Embracing the confusion and constraints in your life might be the way to finding focus and fulfilling work.
AR Rahman is a world renowned composer, winner of two Academy Awards, two Grammy awards, and numerous regional and national awards in India. In June 2015, he visited San Jose on ‘The Intimate Concert Tour” and participated in a fireside chat at Google. In this conversation, Rahman talks about the experiences and influences that shaped his work; from the use of technology, dealing with confusion, and the need for tolerance in the world, all tying together to present a few ideals we can all aspire to live by.
My philosophy about using technology is you have to master them. It needs to work for you. (14:15)
There’s a blurry line that separates use and abuse of technology and most of us tend to be on the wrong side of this line. We are ruthlessly efficient with our tasks but rarely take the time to consider if the work was necessary at all (one reason why we’re busy all the time!). These same principles cut across to our use of gadgets, apps, and other technological innovations; we use them not to solve a problem, but simply because they are available. Instead of using technology to enrich our lives, we let it encroach our lives; we become slaves.
If you’re half heartedly doing something and you don’t give it enough time, it’s not worth it. But if you don’t even think about sustenance and become a master, people will come after you. (16:00)
In making the statement above, Rahman alludes to two pervasive maladies of modern society; a failure to be present in the moment and impatience. We want every minute of every day to be interesting. And when it is not, we start questioning the merits of the relevant external forces; our families, friends, colleagues, organizations, the task at hand, the weather, never considering that (our) lack of attention might be the biggest contributor to this disconnect.
Boredom and tedium are required parts of the creative process. Boredom is not a sign that there is nothing interesting going on in our lives; it is a sign that we are not paying attention. So when work, or life, gets tough or boring, we should consider this a sign to start paying more attention. The difference between those who in excel in life and those who meander through it is the quality and duration of their attention.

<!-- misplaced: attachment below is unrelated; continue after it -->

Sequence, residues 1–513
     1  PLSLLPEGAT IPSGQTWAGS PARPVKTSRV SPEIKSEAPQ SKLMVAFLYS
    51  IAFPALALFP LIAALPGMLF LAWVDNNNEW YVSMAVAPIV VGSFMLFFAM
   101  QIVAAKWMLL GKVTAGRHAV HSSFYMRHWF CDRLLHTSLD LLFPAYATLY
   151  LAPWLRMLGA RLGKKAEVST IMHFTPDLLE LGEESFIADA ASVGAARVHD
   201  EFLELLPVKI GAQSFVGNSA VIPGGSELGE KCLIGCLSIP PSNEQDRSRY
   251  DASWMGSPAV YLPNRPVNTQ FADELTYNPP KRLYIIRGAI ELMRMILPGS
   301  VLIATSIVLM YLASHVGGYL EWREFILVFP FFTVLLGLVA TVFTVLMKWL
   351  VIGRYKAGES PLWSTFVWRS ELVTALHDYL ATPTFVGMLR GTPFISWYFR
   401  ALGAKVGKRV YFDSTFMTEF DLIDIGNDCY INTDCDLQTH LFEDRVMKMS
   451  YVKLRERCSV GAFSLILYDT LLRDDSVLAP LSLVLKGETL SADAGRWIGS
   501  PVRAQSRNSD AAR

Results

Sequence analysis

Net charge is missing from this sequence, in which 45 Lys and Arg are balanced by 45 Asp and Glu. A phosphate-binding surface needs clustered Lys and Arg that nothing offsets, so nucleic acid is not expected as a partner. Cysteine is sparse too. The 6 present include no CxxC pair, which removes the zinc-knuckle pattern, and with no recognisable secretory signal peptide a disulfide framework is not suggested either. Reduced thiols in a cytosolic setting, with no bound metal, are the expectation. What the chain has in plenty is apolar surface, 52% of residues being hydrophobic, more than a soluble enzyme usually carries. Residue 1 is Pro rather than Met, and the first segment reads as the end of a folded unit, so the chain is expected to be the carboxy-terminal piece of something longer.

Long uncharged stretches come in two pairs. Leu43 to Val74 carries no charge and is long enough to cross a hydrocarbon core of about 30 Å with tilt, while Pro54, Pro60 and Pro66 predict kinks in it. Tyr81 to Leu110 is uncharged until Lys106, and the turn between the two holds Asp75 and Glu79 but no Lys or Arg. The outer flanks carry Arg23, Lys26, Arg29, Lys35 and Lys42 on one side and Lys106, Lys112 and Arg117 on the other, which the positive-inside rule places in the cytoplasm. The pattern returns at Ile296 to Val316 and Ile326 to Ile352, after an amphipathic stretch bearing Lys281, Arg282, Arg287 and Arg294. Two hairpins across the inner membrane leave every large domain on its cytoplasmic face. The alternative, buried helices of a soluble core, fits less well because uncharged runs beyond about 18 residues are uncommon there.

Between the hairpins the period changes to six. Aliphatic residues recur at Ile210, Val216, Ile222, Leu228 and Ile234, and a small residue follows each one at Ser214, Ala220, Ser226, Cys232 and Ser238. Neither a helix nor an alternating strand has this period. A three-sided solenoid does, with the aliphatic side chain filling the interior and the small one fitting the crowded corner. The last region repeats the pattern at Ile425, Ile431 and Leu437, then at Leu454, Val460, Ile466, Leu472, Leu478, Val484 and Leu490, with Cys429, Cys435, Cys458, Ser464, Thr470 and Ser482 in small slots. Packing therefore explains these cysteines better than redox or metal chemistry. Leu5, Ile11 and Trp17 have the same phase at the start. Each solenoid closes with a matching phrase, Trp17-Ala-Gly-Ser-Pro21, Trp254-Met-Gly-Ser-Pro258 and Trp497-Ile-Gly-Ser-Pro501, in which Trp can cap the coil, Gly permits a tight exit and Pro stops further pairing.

If we are more patient, more open and non-judgmental, the world will be a better place. (17:30)
In the introduction, the interviewer describes Rahman as a deep humanist. In response to a question about what he would ask of his fans to make the world a better place, he asks simply for tolerance. This was fantastic for its timeliness and simplicity. And, it can be put to use immediately by anyone. Sadly, the comment and the examples he quotes also echo the senselessness of the “have keyboard, will type” attitude of most media consumers. A moment of reflection before that angry response to the news article, YouTube video, Amazon review, or Facebook post could save so much time and energy. Before we invest ourselves (the moment we make a statement we become invested) in an online debate we should ask if it is really necessary. Have we understood everything that is being discussed? Are we adding any value to the creator or the conversation? Are we presenting a new perspective on the topic? If we add a few checkpoints to our interactions, online and in-person, the world will indeed become a much better (at least, calmer) place.
I was really confused. (21:00)
Most of us have the impression that those who have made it (insert your definition here), always knew where they were headed. Connecting the dots is easier looking back. But even those who go on to become great had to grapple with confusion and insecurity. Understanding that the confusion is a normal and essential part of development will keep us sane when things get tough. These confusions arise from the conflicts between our ideals and expectations of the real world. Instead of feeling paralyzed, allow your inner voice to guide you; another nod to paying attention to the moment.
There’s no other job I knew. (21:28)
Midway through the interview Rahman jokingly mentions he remained a musician because he had no other skills. Basically, he had no choice. This seeming disadvantage, which turns out to be a great advantage, is prevalent amongst self-made men and women; they knew one thing and kept working at it until they reached their goals.
If we’re not deliberate about when to be selective, choices can be numbing and force us to spend more time evaluating decisions; time that could have used to make progress. When used judiciously constraints allow us to stay focused and get stuff done. It certainly worked for Rahman. Don’t have any natural constraints in your work/life? Introduce a few yourself. If you abide by your rules, you will notice increased levels of creativity in solving problems.
For another perspective on leading an interesting life read Paul Graham’s ‘How To Do What You Love.’